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Fallacies of presumption
- premises presume some crucial piece of information
- a presumption exists-- embedded in the premises-- that the conclusion is true or
- the conclusion is not assumed true, but another piece of information is presumed true
Begging the Question
- most traditional of the fallacies of presumption
- an arguer uses some type of linguistic trick to conceal the questionable nature of a premise
- first version is when a premise restates the conclusion -circular reasoning
- -restating the information in a different form -attempt to conceal
- second form uses a hidden premise that is problematic in nature
- not explicitly an argument. However, an implied argument is being made
- generally designed to trap the person the question is directed at into
- admitting something he might not otherwise admit to
- falsely limits the listener to two choices
- failing to account for a legitimate alternative
- False dichotomy = false disjunction
- deliberately ignores evidence that undermines the conclusion of his argument
- presuming an argument true despite evidence to the contrary
- must determine if all relevant evidence is presented
Fallacies of Ambiguity
- premise, conclusion or both are ambiguous in some fashion
- word, a phrase, or a sentence is subject to different interpretations
Fallacies of Ambiguity -Equivocation
- definition of an ambiguous word or phrase is changed during the course of an argument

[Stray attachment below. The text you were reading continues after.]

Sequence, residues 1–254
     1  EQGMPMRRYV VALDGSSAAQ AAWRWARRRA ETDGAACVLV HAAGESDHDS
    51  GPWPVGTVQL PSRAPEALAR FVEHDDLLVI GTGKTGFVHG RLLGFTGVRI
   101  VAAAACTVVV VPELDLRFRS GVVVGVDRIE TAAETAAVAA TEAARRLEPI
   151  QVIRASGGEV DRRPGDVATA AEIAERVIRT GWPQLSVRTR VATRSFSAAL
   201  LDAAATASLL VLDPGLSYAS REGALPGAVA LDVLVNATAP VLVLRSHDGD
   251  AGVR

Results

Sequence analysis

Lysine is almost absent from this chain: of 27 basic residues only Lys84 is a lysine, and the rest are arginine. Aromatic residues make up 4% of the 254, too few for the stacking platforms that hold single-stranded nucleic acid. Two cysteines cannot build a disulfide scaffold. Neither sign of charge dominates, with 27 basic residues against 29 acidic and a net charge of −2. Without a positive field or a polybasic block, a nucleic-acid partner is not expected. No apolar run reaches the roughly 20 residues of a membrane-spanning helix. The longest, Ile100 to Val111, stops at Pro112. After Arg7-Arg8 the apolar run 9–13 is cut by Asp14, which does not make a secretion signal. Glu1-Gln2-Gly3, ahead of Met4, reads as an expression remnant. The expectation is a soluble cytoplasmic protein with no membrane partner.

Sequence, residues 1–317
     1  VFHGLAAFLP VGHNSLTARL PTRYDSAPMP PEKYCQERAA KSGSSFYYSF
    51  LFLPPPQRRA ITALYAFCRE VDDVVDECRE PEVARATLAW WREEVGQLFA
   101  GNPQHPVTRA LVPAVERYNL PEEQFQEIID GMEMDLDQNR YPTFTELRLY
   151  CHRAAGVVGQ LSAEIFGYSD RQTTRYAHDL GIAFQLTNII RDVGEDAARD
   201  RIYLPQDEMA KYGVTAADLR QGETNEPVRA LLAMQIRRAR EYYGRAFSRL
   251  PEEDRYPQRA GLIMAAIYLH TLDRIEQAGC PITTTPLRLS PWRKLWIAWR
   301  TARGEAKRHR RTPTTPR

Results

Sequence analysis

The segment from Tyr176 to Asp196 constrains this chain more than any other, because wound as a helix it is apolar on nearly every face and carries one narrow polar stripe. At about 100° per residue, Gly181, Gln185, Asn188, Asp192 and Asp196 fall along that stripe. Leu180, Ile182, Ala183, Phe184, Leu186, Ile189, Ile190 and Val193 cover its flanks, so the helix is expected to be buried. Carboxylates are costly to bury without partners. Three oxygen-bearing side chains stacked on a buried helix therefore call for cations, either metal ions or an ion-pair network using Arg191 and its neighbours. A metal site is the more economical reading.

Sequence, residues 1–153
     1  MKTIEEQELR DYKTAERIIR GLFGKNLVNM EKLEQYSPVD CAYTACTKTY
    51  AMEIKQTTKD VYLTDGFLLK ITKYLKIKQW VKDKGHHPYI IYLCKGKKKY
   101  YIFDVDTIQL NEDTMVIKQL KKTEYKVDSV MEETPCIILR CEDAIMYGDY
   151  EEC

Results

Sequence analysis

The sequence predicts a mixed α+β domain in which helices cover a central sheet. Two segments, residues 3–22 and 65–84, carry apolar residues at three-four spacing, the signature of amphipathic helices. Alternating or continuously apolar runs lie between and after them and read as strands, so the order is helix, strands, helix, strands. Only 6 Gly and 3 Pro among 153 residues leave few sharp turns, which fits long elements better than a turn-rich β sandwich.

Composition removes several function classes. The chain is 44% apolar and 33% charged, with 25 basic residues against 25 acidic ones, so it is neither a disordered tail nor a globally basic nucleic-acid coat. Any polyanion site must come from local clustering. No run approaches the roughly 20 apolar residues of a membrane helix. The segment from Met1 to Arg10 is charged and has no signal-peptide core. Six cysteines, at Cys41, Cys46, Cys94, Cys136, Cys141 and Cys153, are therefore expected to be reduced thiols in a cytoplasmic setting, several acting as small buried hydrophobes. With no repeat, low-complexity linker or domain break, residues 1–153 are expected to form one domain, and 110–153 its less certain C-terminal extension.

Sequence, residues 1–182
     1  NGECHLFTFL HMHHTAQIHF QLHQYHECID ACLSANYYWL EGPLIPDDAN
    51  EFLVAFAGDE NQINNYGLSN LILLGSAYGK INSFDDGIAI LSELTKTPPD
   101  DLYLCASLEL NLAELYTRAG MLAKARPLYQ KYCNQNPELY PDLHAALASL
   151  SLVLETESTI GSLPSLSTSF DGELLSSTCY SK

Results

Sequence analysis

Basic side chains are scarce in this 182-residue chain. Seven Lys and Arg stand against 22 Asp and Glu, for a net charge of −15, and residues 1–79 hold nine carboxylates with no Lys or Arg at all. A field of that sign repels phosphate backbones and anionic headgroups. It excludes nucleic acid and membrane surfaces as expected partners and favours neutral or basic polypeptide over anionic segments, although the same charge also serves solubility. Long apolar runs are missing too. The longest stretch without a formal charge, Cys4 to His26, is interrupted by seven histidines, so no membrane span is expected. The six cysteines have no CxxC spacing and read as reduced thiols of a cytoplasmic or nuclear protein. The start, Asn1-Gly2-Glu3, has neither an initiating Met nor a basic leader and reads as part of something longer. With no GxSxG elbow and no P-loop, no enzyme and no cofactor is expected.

- : Hitler's talk of a master race was harmless. He was just referring to a sporting event!
- -term race is being used in two ways, to refer to ethnicity and to refer to a sporting event
Fallacies of Ambiguity -Amphiboly
- occurs when a statement that has a structural defect is misinterpreted by someone
- an entire statement being ambiguous
- Molly told Peggy that she is 9 months pregnant. Peggy must be due any day now.
- Molly told Peggy that Molly is 9 months pregnant
Fallacies of Grammatical Analogy
- rguments which are grammatically analogous to-- have a linguistic structure similar to-- legitimate arguments
- - composition and division
Fallacies of Grammatical Analogy -Composition
- reasoning that since the parts of an object possess certain characteristics, the object itself will, too.
- - Every part of this refrigerator weighs less than 10 pounds. Therefore, this refrigerator weighs less than 10 pounds.
Fallacies of Grammatical Analogy - Collective distribution
Terms can be used either collectively or distributively. When a term is used collectively, it refers to a group as a whole. When a term is used distributively, it refers to the individual members of the group